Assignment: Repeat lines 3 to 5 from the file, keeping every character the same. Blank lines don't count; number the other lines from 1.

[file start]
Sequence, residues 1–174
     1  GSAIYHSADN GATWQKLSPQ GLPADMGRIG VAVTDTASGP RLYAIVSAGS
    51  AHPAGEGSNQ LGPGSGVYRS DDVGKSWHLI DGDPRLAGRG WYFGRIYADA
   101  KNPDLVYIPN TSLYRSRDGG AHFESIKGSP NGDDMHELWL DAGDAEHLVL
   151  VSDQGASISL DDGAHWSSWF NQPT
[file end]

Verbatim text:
    51  AHPAGEGSNQ LGPGSGVYRS DDVGKSWHLI DGDPRLAGRG WYFGRIYADA
   101  KNPDLVYIPN TSLYRSRDGG AHFESIKGSP NGDDMHELWL DAGDAEHLVL
   151  VSDQGASISL DDGAHWSSWF NQPT